Pi controlled circuit for LED's

Discussion in 'The Projects Forum' started by scarecrow76, Nov 11, 2016.

  1. scarecrow76

    Thread Starter New Member

    Oct 26, 2016
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    Greetings,

    I need to design a circuit to control 36 LEDs individually (5 of which are dual color). Basically just on/off operations; no fading. It needs to be able to be controlled by a Raspberry Pi (I don't care if it's through I2C, UART or GPIO). I presume it would be easiest to achieve as a digital circuit, but I am not very experienced with hard core circuit design. I looked at LED Driver IC's, but they usually can only drive up to 3 or 4 LED channels each. Plus it seemed like overkill since I don't need fading, just on/off. I thought a regular Switch IC might be the best way to go, but I wasn't sure if there was one available that can be triggered any of the Pi outputs. Can anyone put me on the right path?
     
  2. tttapa

    New Member

    Jan 31, 2016
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    1
    You could use shift registers, like the 74HC595. It's an IC that takes an 8-bit serial signal (data+clock) and outputs it as 8 parallel bits, as soon as you drive a third pin (latch) high. It's very easy, and I use it all the time when driving RGB LEDs with an Arduino. The advantage is that you can daisy chain them together, so you could use 5 or 6 shift registers in series to drive your 41 LEDs, using only 3 GPIO pins.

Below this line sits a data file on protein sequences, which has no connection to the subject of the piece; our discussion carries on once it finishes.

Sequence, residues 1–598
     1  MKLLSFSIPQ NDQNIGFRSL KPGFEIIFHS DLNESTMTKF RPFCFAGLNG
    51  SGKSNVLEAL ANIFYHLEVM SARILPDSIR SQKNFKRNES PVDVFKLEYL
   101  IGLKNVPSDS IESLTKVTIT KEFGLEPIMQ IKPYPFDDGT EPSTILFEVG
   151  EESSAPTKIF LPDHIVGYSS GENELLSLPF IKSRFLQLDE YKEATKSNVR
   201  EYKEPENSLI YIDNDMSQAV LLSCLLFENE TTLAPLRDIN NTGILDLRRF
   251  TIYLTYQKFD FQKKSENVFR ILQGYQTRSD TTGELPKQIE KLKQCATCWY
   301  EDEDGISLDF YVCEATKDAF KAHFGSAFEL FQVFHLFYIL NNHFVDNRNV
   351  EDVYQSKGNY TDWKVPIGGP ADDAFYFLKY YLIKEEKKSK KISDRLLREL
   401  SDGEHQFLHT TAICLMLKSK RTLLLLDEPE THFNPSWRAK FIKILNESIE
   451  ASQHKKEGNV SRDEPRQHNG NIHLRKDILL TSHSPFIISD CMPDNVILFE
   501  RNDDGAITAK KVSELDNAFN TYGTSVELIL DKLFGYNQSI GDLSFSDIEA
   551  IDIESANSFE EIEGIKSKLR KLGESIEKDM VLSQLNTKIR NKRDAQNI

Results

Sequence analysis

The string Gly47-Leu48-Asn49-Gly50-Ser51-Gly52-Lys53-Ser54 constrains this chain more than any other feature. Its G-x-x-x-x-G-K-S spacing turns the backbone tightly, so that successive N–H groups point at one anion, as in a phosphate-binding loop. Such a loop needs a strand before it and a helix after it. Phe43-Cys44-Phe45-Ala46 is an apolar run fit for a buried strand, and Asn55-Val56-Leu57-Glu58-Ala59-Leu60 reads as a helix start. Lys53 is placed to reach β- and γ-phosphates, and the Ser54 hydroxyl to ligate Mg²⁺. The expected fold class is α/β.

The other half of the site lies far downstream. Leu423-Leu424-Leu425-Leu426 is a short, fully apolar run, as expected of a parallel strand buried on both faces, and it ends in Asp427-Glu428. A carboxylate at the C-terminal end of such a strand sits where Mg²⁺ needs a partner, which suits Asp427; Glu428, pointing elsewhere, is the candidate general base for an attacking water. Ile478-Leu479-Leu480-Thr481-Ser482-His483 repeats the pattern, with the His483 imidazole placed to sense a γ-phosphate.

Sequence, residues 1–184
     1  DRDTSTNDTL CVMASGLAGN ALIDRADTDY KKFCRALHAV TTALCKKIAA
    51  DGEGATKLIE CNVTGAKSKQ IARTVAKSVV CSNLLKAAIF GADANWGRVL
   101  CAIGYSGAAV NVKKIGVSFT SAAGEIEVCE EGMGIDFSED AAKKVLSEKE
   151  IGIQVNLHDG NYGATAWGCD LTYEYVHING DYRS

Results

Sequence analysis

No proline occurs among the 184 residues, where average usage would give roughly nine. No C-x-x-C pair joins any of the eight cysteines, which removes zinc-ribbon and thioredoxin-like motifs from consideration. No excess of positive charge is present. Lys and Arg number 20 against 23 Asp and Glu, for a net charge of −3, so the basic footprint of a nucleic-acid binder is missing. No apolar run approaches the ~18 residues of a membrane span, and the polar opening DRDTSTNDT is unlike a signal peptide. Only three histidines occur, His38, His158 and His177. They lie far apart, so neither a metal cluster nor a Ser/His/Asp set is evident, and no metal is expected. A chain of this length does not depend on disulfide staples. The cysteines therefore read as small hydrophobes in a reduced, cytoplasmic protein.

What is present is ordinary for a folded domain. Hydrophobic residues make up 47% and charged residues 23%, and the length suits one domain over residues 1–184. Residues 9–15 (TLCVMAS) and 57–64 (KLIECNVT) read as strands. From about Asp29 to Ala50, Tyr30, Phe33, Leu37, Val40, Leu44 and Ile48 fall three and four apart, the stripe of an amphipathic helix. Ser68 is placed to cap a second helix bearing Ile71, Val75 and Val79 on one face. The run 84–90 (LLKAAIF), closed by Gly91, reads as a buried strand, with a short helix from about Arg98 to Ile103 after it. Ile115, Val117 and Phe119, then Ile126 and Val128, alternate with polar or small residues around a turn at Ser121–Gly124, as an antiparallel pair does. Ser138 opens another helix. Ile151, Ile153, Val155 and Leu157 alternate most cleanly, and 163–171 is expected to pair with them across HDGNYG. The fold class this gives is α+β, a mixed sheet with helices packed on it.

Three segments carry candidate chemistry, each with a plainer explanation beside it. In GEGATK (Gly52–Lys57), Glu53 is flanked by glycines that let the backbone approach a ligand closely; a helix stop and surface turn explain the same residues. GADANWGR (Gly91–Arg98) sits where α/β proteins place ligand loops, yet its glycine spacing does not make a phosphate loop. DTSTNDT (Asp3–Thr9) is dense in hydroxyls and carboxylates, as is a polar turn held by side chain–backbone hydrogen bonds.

If you use the 74HC595, you'll still need current limiting resistors though, but some chips - like the STP16C596B1R - have constant current LED drivers built-in, so you won't need any external components (apart from your LEDs, a resistor to set the current and maybe some bypass caps).

    ShiftPy is a python library to drive shift registers with a Raspberry Pi (didn't try it myself).

    Hope this helps
    Pieter
     
    Robert Murphy likes this.
  3. blocco a spirale

    AAC Fanatic!

    Jun 18, 2008
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  4. tttapa

    New Member

    Jan 31, 2016
    22
    1
    Most of these addressable LEDs require very tight timing. That's not easily done without real-time programming. There seems to be a library for the first generation of Raspberry Pi's, but it's not compatible with the newer models (2&3). You could tweak the code to get it working, but many people just use a second microcontroller (e.g. an ATmega) to drive the Neopixels, and connect it to the Pi using I²C or UART.
    A discussion that might be useful: https://www.raspberrypi.org/forums/viewtopic.php?f=29&t=151460

    Personally, I'd still use the shift register method, the timing here doesn't matter at all: a shift register will accept signals from 1 pulse every 7 years all the way up to 100MHz. Also, you can use as many LEDs as you want, no overflowing buffers etc, since it's all analog. Another bonus is that you can use your own LEDs, instead of the Neopixel packages, and it's way cheaper as well.

    Pieter
     
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